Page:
I increased my product knowledge from the shop floor and was buying, selling and importing high-grade metals. Facilitating worldwide supply contracts for customers including British Airways, Boeing, Bombardier, and GKN. I was also the go-to man for anything IT related. Although I wasn’t particularly interested in the industry, I knew the business and the numbers, the stability also allowed me to get onto the property ladder.
I was established in the company, the salary was above average, but it wasn’t my passion and decided to leave if I could find the right opportunity.
The internet had landed and was more prominent in the media. I followed the Internet’s growth, borrowed a copy of Frontpage web design software, read articles during lunch, read books outside of work, learned Photoshop basic’s. Soon after I had my first website live, urging the Aerospace company to adopt the Internet, I built one for them too. I studied web design trends, dabbled with Affiliate Marketing, PPC (Pay Per Click), SEO (Search Engine Optimisation) and other online strategies. It was probably the first time I knew what I wanted to do.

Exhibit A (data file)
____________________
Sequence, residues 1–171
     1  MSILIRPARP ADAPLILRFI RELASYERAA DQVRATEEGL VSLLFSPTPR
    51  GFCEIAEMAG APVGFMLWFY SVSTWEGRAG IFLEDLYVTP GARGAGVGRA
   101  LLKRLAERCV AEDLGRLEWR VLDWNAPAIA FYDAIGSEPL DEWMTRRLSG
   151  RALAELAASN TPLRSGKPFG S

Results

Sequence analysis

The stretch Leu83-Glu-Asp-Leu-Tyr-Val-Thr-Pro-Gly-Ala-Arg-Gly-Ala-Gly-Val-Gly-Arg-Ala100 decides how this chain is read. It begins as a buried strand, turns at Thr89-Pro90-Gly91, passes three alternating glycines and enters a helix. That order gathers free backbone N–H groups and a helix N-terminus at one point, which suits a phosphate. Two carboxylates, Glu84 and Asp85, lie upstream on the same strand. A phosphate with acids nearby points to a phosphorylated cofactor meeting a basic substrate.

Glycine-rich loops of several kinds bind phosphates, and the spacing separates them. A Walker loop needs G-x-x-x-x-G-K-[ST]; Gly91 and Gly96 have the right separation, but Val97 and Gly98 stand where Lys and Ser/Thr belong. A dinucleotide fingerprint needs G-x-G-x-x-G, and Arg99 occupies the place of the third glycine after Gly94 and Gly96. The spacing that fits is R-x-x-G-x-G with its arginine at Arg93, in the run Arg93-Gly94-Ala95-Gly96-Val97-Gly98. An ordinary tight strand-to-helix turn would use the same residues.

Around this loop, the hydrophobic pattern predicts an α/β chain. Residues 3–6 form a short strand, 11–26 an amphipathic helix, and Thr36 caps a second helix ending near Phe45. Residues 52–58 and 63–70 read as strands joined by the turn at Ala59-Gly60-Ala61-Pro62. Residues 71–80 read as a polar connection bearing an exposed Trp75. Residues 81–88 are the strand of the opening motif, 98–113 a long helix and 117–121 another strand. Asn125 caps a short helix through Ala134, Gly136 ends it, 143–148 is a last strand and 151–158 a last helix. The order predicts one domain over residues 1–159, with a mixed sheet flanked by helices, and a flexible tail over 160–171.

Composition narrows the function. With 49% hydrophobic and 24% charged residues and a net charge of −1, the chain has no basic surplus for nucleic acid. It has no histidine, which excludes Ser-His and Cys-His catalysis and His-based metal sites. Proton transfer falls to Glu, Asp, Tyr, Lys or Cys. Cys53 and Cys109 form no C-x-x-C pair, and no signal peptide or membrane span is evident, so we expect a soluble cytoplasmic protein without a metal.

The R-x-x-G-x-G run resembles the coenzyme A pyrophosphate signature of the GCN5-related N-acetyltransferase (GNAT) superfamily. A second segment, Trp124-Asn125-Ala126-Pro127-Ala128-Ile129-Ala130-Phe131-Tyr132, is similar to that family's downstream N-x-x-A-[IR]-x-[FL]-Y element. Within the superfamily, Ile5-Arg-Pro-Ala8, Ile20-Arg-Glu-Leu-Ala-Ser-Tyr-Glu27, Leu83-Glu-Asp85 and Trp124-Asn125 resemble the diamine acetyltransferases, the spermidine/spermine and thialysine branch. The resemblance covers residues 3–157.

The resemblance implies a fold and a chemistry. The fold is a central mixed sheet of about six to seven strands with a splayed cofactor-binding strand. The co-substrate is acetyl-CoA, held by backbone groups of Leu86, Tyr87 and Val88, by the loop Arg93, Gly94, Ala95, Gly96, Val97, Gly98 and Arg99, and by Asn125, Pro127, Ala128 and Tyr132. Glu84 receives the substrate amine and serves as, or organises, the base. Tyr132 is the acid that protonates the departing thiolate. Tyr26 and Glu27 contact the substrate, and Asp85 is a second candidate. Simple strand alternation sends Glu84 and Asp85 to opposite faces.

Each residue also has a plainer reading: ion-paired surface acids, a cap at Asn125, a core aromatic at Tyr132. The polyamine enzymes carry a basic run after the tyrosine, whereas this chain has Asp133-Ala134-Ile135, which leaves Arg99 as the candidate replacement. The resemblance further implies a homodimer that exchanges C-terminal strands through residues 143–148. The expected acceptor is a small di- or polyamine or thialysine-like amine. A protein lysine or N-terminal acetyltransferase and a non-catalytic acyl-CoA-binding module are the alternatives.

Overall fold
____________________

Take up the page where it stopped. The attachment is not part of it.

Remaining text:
During this period, I discovered an article about Domain Names and how valuable they could be. I started to speculate with my credit card, registering my first domain in 2000; I registered all kinds of domains, niches, brandable, etc. A year or so later I was still at the Aerospace company, £900+ invested and countless hours spent on forums, chatrooms trying to sell them or get some kind soul to validate my value expectations.
I learned an enormous amount about the Aerospace industry in my ten years at the company. Running a business, attention to detail, profit/loss and life in general. My colleagues were great to work with, and I am still in contact with them today. The company was acquired in 2003, after setting up their new computer systems & software I left in 2004.